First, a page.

Michael Tomasky on the GOP’s Rush to the Right in Congress
My longer-suffering readers will know that one of my great obsessions is with the phrase “both sides are guilty.” You know how it works. The Republicans in Washington do something extreme, like hold up an appointee to the Fed because he doesn’t have the right qualifications, even though he won a Nobel Prize in Economics. Then, when the howls start, they produce evidence that the Democrats once did something vaguely similar, which indeed they probably did, but upon close examination it wasn’t really remotely comparable. Then the media say: “Ah, you see, both sides do it.” This both-sides-ism is one of the great curses hanging over Washington, and it’s a fantastic racket for conservatives: aware as they are that the mainstream media worship the idea of “balance” (the worship itself the result of the admittedly effective lobbying by right-wing pressure groups since the late 1970s), they know that if they can just publicize one little example that appears to suggest parity in the bad-faith department, they can get away with whatever.
Well, this week comes new and updated empirical evidence by the leading scholars in the field of political science that both sides don’t do it. Or, to be more accurate: yes, both sides do it, but saying that both sides do it equally is the equivalent of saying that a murderer and a purse snatcher have equally violated the law.
Keith T. Poole of the University of Georgia and Howard Rosenthal of New York University have been studying political polarization for years. They are the leading experts we have on the topic. And, three days ago on their blog, they released updated numbers (to include the current Congress) looking at all votes taken in both the House and Senate going back to 1879 and measuring over that period the ideological positions on a scale of the respective parties. You can read the post and look at the relevant graphs at the link above.
Result? “What is accurate to say, beyond doubt,” says Poole, “is that the Republicans have moved out to the right very fast, while the Democrats have drifted to the left, maybe, but nowhere close to what the Republicans have done.” Let’s check the numbers.
They use a scale, the vertical axis on their graph, that sets 0 as the ideological middle and gives liberal ideology values decreasing from 0 and conservative ideology values increasing from it. In other words, a -.2 Democrat is moderate-to-liberal, a -.5 Democrat is quite liberal, a +.2 Republican is moderate-to-conservative, a +.5 Republican is quite conservative, and so on. The lines on the charts represent how the parties’ House and Senate caucuses have voted, as I said, since 1879.
The Democrats as a whole are at about -.4 today. Interestingly, this is exactly what they were in 1879, so in a century and a half the party hasn’t budged. But OK, liberal and conservative meant different things then, and the parties have realigned since then. So let’s use a more recent and relevant time frame. Let’s try 1979 instead—the cusp of the Reagan revolution. That year the Democrats in the House were at about -.27. By 2011 they were at -.4; a definite shift to the left.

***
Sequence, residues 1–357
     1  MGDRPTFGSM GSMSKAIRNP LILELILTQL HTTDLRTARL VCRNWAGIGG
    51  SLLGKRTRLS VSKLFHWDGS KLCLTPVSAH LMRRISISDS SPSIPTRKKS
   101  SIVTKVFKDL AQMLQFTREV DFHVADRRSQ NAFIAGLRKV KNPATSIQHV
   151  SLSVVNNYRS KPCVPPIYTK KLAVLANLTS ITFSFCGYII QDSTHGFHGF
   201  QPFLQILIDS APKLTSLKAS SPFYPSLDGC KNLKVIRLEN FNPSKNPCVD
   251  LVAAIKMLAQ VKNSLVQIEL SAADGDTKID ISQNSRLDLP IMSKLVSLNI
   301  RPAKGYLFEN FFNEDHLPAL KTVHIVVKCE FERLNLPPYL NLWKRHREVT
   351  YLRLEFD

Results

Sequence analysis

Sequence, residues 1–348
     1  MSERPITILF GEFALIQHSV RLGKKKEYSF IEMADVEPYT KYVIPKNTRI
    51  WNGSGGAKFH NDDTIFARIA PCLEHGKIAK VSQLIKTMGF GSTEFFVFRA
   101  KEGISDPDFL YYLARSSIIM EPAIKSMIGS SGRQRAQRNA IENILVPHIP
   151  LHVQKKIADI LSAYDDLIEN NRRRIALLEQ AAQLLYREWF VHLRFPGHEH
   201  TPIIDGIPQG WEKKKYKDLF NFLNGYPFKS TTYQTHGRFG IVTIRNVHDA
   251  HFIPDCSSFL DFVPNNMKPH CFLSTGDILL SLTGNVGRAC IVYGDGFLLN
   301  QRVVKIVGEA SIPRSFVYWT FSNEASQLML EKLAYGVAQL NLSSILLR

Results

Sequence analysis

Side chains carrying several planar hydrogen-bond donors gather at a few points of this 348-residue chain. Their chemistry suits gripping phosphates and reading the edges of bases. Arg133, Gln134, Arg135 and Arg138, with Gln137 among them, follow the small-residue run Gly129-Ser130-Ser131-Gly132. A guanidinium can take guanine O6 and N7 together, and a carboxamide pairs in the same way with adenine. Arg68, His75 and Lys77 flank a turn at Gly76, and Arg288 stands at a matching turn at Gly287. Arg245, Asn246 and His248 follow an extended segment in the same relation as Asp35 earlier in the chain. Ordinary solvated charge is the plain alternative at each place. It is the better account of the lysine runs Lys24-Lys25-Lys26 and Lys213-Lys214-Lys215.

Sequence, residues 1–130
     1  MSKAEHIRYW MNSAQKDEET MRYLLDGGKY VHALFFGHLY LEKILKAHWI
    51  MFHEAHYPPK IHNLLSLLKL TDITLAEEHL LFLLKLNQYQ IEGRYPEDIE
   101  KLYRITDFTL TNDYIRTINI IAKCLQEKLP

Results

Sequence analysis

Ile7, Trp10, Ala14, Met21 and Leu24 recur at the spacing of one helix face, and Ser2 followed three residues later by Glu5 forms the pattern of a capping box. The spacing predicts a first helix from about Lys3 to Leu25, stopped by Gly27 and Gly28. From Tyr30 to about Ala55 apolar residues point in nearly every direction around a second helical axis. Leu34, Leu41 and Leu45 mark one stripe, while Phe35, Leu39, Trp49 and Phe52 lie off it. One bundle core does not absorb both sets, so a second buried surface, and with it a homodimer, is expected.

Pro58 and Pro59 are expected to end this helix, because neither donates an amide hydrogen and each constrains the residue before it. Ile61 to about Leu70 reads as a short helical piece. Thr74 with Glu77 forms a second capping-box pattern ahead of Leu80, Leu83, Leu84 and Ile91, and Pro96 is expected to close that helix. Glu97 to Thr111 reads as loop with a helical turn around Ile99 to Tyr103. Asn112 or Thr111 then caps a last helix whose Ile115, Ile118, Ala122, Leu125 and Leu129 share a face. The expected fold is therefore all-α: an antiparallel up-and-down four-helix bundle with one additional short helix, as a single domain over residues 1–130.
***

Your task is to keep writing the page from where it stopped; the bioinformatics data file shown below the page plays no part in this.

But now let’s look at House Republicans. In 1979 they were at roughly +.22 on the scale—they were, in other words, slightly less conservative than the Democrats were liberal. But 2011’s House Republicans? They’re at +.65. If you look at the graph, you see a very striking rise starting in about 1995 (hmmm ...). In other words, since 1979, House Democrats have become almost exactly 50 percent more liberal than they were. House Republicans are almost exactly three times, or 300 percent, more conservative than they were.
Roughly the same is true in the Senate, with the asterisk that the Republicans there are not quite as extreme as their House counterparts. Democrats in the upper chamber have moved from about -.28 to about -.39, while Republicans have shot from +.23 to +.48. Again, the Democrats have moved, but the Republicans have pole-vaulted. Combining both Houses, Poole told me, gives us the conclusion that the GOP has moved to the right three, maybe three and a half times as intensely as the Democrats have moved left.
Washington, especially Washington journalism, really needs to come to terms with this reality. The other day in Politico, John Harris and Jonathan Allen did a big piece on the death of bipartisan dealmaking. To their credit, they did quote Poole (far down in the story, but at least it was in there) as saying the Republicans are more to blame than the Democrats.
But these data need more than a passing mention. They need to sink deep into the collective consciousness of this town. We are operating in a total hall of mirrors. Not just a hall of mirrors—a hall of distorting funhouse mirrors. And what’s astonishing about it is the number of people who want to believe what they see in those mirrors, for the sake, I suppose, of being “balanced.”
Believe me, I’d gladly go back to a Washington where the Democrats were less liberal and where there was more ideological crossover between the parties, and where actual compromise was possible. The situation that obtained in the late ’70s would be a vast improvement over what we have today. But we’re not anywhere close to that, and the reason we’re not is that while one side has sidled away from the center, the other side has sprinted away from it. It’s a fact, but somehow the profession that is supposed to care first and foremost about facts is reluctant to embrace it.